Hollmer v. Harari shows that patent draftsmanship is an exacting art
The Board entered judg- ment against Hollmer after finding that Harari’s ’880 application was entitled to the benefit of the filing date of Harari’s U.S. Patent Application No. 07/337,566 (“’566 application”) and thus preceded the date of conception for Hollmer’s ’601 patent. Because the Board misinterpreted our previous decision in Harari v. Hollmer, 602 F.3d 1348 (Fed. Cir. 2010) (“Harari I”), in finding that continuity was maintained in the chain of priority between the ’566 application and the ’880 application involved in the inter- ference, we reverse the Board’s decision and remand.
The case hinged on the standard of review related to incorporation by reference.
Harari’s ’880 application was filed on May 14, 1999, and is part of a chain of patent applications beginning with the ’566 application, which was filed on April 13, 1989. The ’880 application is a continuation of U.S. Patent Application No. 08/771,708 (“’708 application”), which is a continuation of U.S. Patent Application No. 08/174,768 (“’768 application”), which is a continuation of U.S. Patent Application No. 07/963,838 (“’838 application”), which is a divisional of the original ’566 application.1
The ’566 application was filed on the same day as Harari’s U.S. Patent Application No. 07/337,579 (“’579 application”). The following incorporation statement from the ’566 application was copied into the subsequent applications in the priority chain and is at the heart of this appeal:
Optimized erase implementations have been disclosed in two copending U.S. patent applications. They are copending U.S. patent applications, Serial No. 204,175, filed June 8, 1988, by Dr. Eliyahou Harari and one entitled “Multi-State EEprom Read and Write Circuits and Tech- niques,” filed on the same day as the present appli- cation, by Sanjay Mehrotra and Dr. Eliyahou Harari. The disclosures of the two applications are hereby incorporate[d] by reference.
J.A. 1204 (emphasis added). Harari’s ’579 application is the above-referenced application titled “Multi-State EEprom Read and Write Circuits and Techniques” that was “filed on the same day” as the ’566 application. The ’880 application included a photocopy of the ’566 application, a transmittal sheet identifying the filing as a continuation application, and a preliminary amendment. The preliminary amendment revised the above incorporation by reference language copied from the ’566 application to refer to the ’579 application by both serial number and filing date and added additional material from the ’579 application.
During the interference proceedings before the Board, Hollmer filed a motion arguing that Harari’s involved claims were unpatentable under 35 U.S.C. § 112, first paragraph, for lack of written description. Specifically, Hollmer argued that the ’579 application was not properly identified in the ’880 application’s original disclosure because the ’579 application was not “filed on the same day” as the ’880 application. As a result, Hollmer contended, the material from the ’579 application in the preliminary amendment was new matter under 35 U.S.C. § 132. The Board agreed, granting Hollmer’s motion and entering judgment against Harari.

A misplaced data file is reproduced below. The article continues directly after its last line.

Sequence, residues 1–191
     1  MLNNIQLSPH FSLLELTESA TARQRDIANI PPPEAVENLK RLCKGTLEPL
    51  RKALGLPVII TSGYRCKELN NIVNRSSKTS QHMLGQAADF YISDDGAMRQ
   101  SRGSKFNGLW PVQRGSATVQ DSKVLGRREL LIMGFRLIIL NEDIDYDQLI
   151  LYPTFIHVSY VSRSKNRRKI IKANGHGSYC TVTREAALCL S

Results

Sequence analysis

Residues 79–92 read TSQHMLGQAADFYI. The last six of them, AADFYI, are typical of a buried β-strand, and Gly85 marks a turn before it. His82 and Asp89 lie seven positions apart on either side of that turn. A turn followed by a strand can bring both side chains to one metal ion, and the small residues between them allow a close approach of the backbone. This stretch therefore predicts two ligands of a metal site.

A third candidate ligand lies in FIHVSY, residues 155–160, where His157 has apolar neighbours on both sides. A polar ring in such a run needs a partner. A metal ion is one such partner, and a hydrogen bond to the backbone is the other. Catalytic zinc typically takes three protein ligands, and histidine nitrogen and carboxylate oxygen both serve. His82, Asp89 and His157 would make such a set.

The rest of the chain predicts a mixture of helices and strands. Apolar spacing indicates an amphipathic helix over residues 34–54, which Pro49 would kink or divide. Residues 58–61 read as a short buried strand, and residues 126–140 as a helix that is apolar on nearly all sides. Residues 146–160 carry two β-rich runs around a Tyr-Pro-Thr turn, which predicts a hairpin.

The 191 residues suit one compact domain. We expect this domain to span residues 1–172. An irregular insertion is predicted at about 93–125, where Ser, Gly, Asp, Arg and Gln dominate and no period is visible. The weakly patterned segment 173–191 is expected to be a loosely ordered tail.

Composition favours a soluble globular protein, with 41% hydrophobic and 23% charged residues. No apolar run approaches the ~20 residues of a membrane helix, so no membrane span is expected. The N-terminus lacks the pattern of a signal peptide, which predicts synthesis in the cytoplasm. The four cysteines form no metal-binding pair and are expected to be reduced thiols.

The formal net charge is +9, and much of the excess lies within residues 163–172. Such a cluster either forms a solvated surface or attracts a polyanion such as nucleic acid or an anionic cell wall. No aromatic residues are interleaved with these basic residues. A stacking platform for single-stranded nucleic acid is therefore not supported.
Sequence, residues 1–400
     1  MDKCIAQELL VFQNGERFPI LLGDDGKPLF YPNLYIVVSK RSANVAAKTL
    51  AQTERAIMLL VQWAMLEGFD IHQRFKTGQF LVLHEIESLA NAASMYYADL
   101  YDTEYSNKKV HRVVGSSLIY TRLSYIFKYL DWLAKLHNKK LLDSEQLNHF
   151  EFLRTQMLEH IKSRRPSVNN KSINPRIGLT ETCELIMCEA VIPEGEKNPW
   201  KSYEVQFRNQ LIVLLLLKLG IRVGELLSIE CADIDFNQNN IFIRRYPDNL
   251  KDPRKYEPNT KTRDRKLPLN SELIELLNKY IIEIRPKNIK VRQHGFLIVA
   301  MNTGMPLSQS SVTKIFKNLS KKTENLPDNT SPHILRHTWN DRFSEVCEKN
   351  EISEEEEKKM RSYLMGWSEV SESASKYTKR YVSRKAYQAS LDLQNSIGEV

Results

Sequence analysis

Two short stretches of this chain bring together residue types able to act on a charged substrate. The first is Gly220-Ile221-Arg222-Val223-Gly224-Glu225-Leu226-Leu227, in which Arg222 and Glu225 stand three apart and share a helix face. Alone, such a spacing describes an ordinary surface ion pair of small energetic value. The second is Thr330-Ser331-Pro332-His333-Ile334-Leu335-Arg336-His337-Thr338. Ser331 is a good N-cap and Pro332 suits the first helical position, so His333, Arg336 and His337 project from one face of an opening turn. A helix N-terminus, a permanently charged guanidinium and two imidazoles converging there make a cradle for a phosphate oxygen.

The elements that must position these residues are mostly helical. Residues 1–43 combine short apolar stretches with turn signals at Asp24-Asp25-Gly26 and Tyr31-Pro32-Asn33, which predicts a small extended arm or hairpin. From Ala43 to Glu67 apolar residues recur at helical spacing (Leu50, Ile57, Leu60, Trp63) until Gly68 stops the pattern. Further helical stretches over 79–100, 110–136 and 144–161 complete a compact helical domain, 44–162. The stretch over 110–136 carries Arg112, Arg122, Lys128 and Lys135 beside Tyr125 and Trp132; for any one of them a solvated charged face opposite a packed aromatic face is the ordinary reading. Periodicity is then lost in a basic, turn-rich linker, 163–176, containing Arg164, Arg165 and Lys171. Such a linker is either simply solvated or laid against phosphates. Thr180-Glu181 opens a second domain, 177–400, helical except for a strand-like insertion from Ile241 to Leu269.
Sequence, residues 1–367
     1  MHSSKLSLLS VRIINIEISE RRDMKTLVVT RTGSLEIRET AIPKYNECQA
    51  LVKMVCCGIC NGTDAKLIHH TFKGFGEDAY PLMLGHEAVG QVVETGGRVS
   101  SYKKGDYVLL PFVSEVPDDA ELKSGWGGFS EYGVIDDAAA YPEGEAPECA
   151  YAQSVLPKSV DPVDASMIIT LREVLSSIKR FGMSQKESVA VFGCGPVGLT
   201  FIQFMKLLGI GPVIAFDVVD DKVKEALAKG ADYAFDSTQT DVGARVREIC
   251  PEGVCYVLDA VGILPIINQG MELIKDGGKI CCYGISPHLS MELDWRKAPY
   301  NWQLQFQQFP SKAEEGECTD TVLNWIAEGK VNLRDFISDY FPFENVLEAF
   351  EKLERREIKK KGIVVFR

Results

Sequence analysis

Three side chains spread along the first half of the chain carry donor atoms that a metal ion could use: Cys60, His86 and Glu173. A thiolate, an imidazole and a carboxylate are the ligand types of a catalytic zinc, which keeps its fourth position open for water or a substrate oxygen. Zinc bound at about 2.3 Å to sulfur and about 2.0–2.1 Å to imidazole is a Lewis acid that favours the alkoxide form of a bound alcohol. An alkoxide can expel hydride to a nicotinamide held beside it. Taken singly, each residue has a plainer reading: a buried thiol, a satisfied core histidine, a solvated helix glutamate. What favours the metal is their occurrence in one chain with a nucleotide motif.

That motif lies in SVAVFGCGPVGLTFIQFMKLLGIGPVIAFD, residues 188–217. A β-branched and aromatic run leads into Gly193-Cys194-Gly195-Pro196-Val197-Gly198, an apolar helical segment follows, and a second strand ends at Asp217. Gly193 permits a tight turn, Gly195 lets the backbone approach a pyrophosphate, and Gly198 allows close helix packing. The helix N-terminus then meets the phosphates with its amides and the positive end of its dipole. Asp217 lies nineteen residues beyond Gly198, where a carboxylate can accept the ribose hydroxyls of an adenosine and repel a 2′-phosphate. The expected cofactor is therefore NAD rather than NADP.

In terms of the previous CAFC decision in the case, a "reasonable examiner" standard had been applied:
On appeal in Harari I, we concluded that the Board had applied an incorrect standard for determining whether the ’579 application was incorporated into the ’880 application’s original disclosure, and we articulated a narrow rule for reviewing such statements when an applicant seeks to amend an ambiguous incorporation statement at the “initial filing stage”: “The proper standard by which to evaluate the sufficiency of incorporation by reference language, at this stage of the proceedings, is whether the identity of the incorporated reference is clear to a reasonable examiner in light of the documents presented.” Harari I, 602 F.3d at 1352-53 (emphasis added). Applying this standard, we held that the reasonable examiner, who had the benefit of the transmittal sheet and the preliminary amendment, would understand that the copied language from the original ’566 application in the ’880 application referred to the ’579 application.
What was at issue:
On remand, the Board addressed Harari’s motion seeking the benefit of the filing date of the ’566 application for the ’880 application. To resolve this motion, the Board had to determine whether the intervening ’838 and ’768 applications sufficiently incorporated the ’579 application by reference such that 35 U.S.C. § 120’s continuity requirements were satisfied. If they did, the ’880 application was entitled to the benefit of the April 13, 1989 filing date of the ’566 application; if they did not, the ’880 application was only entitled to the benefit of the Decem- ber 20, 1996 filing date of the ’708 application, which undisputedly discloses the ’579 application.
The intervening ’838 and ’768 applications contain the same incorporation language copied from the ’566 applica- tion but, unlike the ’880 application, were never amended to refer to the ’579 application by serial number and filing date.
The BPAI had applied Harari I and concluded there WAS continuity:
Using this standard, the Board found that a reasonable examiner would have had access to all of the filing papers, including the transmittal sheets, for the ’838 and ’768 applications, and conse- quently would have understood that the disputed incorpo- ration by reference language in those applications referred to the ’579 application. J.A. 16-17. Accordingly, the Board determined that continuity between the ’566 and ’880 applications was maintained and that the ’880 application was entitled to the priority date of the ’566 application. The Board entered judgment against Hollmer, and Hollmer timely appealed.
The CAFC determined there was no continuity: